Remember, we learn more everyday so always keep checking. The work Alan MacDonald is doing on biofilm will likely impact all we know about life cycle/span maybe even the hope for an actual cure. We hope.

And, looking back up to the original question, you ask: "But how long should that take, for the spirochetes to die a natural death?"

Well, that is also something the researchers on working on. I can read very little and only snippets. As for what can keep the spirochetes from going of forever, I've seen a few things about that but nothing groundbreaking. We still have a long way to go in that department.

Spirochetes have actually been around since before the Ice Age.

For practical purposes, regaining health (even if having to be mindful of possible flare ups) would be pretty good. It does seem that the flare up get less and less for some.

For more detail beyond the ILADS site ( www.ilads.org ) or the LDA's site, you might look at MacDonald's work. For a start, a Google search of: "Alan MacDonald" biofilm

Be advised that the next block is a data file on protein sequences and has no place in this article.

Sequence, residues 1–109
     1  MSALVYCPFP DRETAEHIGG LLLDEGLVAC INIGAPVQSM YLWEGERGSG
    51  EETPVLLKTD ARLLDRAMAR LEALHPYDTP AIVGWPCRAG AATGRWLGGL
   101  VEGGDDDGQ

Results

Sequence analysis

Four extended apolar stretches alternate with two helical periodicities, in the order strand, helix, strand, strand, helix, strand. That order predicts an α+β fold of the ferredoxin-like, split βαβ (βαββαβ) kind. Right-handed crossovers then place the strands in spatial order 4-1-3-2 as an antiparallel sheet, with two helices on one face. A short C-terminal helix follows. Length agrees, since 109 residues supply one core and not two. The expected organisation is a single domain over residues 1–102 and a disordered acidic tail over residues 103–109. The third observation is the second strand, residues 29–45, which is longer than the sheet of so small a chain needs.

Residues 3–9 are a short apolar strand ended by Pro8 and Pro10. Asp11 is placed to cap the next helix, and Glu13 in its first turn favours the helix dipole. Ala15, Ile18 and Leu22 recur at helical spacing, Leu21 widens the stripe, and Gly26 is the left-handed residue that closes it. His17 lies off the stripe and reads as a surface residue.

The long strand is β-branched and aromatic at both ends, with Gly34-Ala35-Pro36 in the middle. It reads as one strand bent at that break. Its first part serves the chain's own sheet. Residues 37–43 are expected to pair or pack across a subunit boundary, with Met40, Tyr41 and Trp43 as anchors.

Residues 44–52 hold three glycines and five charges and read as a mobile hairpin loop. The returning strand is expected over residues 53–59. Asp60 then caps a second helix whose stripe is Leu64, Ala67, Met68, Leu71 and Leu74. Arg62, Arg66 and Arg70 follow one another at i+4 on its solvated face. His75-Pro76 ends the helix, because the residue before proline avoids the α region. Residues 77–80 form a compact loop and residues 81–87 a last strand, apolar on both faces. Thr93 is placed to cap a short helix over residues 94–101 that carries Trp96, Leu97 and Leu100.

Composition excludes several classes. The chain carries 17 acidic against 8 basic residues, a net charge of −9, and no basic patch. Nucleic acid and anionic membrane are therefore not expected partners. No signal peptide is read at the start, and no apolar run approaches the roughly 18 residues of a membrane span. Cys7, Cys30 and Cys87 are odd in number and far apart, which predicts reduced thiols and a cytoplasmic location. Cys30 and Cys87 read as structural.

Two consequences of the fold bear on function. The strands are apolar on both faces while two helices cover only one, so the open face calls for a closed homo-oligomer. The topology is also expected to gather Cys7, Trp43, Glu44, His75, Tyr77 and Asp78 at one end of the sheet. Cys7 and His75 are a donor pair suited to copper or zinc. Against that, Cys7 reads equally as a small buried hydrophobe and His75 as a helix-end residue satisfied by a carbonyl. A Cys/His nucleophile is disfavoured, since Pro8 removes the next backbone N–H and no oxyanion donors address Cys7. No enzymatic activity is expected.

Some good detail here, too:

http://www.klinghardtneurobiology.com/library.htm

Klinghardt's Neurobiology page

-

Posts: 48021 | From Tree House | Registered: Jul 2007  |  IP: Logged | Report this post to a Moderator
coltman
LymeNet Contributor
Member # 21272

Icon 1 posted      Profile for coltman     Send New Private Message       Edit/Delete Post   Reply With Quote 
quote:
Originally posted by seekhelp:
Nenet, it's sure of a hell lot safer than cyst busters. [Smile]

Why you think cyst busters are unsafe?
Posts: 856 | From MA | Registered: Jul 2009  |  IP: Logged | Report this post to a Moderator
   

Quick Reply
Message:

HTML is not enabled.
UBB Code is enabled.

Instant Graemlins
   


Post New Topic  New Poll  Post A Reply Close Topic   Feature Topic   Move Topic   Delete Topic next oldest topic   next newest topic
 - Printer-friendly view of this topic
Hop To:


Contact Us | LymeNet home page | Privacy Statement

Powered by UBB.classic™ 6.7.3


The Lyme Disease Network is a non-profit organization funded by individual donations. If you would like to support the Network and the LymeNet system of Web services, please send your donations to:

The Lyme Disease Network of New Jersey
907 Pebble Creek Court, Pennington, NJ 08534 USA


| Flash Discussion | Support Groups | On-Line Library
Legal Resources | Medical Abstracts | Newsletter | Books
Pictures | Site Search | Links | Help/Questions
About LymeNet | Contact Us

© 1993-2020 The Lyme Disease Network of New Jersey, Inc.
All Rights Reserved.
Use of the LymeNet Site is subject to Terms and Conditions.